Gillard’s pokie hokey-pokey

This morning's media reports are far from clear about what Julia Gillard is planning to do about curbs on poker machines.

Richard Farmer

Crikey political commentator

This lady is for turning? This morning's media reports are far from clear about what Julia Gillard is planning to do about curbs on poker machines. What is clear is that if she reneges in any substantial way on her agreement with independent Andrew Wilkie that the lobbyists of the nation will be jubilant. Labor not going on with a mandatory pre-commitment scheme for poker machines would confirm the weakness indicated when the Prime Minister backed down to major mining companies before the last election on its super profits tax. That in turn would enable the political manipulators to encourage other groups effected by government policy to run expensive public relations and advertising campaigns. An absolutely wonderful outcome for the income of lobbyists. More tax for those richer than me. That's what a group of US millionaires think about billionaire Warren Buffet's call for the rich to pay more taxes and give more to charity. A survey from PNC Wealth Management, a unit of Pittsburgh-based PNC Financial Services Group Inc. (PNC), released overnight found that while 71 percent of millionaires surveyed said they agree with Buffett, 49 percent of those surveyed said that they’re "not in the same league" as Buffett and that the higher taxes shouldn’t apply to them personally. Mitt Romney, the short priced favourite to become the Republican presidential candidate, clearly shares the view of the 49%.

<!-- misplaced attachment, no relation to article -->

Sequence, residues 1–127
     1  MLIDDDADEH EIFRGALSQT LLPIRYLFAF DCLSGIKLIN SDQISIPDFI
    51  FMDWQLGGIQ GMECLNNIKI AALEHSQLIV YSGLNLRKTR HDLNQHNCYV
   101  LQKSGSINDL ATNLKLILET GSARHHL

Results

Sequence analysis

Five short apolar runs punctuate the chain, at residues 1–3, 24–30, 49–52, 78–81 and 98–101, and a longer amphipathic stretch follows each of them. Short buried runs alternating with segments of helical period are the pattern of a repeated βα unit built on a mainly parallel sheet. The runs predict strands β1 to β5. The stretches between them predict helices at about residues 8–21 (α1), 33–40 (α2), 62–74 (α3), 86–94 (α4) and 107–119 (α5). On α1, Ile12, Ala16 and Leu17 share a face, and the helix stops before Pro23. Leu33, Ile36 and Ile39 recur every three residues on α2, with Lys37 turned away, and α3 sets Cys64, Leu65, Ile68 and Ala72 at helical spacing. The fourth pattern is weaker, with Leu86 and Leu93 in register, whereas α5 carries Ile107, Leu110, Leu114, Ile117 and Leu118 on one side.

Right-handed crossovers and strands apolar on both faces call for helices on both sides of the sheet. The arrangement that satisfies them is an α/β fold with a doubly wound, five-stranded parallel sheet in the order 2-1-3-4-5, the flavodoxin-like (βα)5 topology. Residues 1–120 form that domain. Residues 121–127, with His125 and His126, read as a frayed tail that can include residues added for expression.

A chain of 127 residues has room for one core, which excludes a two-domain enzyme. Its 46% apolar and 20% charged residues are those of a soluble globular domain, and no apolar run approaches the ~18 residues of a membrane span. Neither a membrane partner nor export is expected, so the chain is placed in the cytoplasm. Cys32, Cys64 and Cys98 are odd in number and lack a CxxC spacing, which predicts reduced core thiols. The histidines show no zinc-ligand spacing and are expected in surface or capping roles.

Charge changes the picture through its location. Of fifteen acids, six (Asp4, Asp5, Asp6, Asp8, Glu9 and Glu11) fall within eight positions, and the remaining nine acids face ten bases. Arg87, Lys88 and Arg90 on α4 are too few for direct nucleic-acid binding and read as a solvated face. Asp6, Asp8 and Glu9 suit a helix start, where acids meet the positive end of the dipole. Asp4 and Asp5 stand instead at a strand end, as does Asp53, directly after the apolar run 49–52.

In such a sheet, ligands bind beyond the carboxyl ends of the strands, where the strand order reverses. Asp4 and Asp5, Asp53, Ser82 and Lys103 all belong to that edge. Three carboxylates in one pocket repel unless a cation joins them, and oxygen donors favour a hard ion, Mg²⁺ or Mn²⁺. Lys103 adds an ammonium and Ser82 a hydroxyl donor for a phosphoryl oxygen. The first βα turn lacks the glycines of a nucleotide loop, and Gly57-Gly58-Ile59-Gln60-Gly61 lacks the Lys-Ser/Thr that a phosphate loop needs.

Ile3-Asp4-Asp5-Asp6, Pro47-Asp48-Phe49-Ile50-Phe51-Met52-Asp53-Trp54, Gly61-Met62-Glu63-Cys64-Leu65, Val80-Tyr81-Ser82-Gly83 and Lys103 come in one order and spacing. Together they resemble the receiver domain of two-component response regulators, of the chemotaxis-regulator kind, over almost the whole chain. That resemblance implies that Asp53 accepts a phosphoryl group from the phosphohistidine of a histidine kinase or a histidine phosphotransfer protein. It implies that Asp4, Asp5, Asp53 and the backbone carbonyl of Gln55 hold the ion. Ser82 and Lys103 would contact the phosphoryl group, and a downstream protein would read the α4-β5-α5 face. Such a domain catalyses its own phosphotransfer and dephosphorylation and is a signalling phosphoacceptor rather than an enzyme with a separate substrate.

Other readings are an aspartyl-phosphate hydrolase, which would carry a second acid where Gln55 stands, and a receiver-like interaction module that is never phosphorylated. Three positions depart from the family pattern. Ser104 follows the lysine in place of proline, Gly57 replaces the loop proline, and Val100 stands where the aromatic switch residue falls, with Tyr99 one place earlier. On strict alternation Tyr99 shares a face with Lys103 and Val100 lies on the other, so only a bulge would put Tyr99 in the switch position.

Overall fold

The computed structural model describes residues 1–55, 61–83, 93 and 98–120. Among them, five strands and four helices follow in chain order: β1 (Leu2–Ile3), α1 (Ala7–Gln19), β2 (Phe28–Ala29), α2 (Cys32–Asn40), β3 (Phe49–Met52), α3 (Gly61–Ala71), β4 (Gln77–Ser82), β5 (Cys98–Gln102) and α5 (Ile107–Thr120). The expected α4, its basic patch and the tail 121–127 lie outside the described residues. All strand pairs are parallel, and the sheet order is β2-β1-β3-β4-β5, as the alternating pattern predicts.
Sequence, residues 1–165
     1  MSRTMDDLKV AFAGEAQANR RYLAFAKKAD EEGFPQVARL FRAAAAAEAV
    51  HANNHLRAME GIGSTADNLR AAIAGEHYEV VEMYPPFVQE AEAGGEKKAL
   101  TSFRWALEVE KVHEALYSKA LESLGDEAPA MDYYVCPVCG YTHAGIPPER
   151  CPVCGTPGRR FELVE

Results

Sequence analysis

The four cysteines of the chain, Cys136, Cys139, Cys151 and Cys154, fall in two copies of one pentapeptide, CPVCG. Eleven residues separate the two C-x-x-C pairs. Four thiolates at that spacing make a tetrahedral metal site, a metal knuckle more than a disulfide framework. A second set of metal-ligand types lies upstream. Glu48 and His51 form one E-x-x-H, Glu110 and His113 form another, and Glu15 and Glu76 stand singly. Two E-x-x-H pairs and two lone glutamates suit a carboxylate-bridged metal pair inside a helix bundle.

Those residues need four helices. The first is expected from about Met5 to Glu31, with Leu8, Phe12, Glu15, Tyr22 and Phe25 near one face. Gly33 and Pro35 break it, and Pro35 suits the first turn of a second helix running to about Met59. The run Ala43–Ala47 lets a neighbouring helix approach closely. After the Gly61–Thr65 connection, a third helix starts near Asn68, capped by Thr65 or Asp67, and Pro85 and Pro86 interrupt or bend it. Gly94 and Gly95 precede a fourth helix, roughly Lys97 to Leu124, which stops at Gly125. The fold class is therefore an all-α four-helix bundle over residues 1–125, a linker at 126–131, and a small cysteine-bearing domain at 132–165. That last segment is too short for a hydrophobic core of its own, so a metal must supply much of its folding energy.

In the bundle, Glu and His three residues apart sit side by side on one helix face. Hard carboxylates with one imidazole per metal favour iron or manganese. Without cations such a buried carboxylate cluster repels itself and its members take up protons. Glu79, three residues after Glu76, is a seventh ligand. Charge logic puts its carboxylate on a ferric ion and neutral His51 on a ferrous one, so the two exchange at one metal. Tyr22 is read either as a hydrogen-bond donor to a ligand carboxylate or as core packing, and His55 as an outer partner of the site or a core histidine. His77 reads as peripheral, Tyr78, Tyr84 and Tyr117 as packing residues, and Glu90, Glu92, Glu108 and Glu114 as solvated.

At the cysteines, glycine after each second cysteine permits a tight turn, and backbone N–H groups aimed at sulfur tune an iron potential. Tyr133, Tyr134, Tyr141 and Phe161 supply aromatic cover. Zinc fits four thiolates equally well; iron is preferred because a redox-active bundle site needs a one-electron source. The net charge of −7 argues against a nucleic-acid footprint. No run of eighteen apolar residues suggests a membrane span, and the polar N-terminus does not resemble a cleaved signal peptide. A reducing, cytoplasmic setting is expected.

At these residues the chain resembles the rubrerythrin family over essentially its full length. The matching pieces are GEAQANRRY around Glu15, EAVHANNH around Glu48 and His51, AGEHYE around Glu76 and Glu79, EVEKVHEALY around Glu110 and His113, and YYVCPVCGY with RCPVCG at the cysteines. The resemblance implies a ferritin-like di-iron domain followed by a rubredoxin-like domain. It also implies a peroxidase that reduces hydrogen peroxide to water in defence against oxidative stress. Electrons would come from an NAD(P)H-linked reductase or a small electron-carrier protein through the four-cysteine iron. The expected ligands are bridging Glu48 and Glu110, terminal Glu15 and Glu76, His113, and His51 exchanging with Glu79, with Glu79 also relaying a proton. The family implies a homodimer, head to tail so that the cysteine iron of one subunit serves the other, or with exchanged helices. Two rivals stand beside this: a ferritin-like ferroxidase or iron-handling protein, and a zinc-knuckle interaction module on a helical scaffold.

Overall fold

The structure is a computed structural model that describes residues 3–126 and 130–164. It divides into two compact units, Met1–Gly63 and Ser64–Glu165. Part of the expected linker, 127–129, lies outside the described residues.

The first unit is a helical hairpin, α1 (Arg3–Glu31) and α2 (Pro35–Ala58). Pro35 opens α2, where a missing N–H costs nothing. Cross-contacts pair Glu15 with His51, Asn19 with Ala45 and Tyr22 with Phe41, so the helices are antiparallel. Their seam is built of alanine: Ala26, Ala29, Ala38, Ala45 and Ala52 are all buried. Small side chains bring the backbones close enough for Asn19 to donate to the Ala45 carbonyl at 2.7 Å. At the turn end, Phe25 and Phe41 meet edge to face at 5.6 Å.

A bloody quote of the day. Joseph Stiglitz, the Nobel winning liberal economist, on the response of European politicians as their countries slow towards recession:
"The answer, even though they see over and over again that austerity leads to collapse of the economy, the answer over and over is more austerity. "It reminds me of medieval medicine. It is like blood-letting, where you took blood out of a patient because the theory was that there were bad humours. "And very often, when you took the blood out, the patient got sicker. The response then was more blood-letting until the patient very nearly died. What is happening in Europe is a mutual suicide pact."
Reality TV reaches new low. If you thought the Australian version of Big Brother took public taste to a low point, consider this week's Brazilian version where a contestant was raped live on television.

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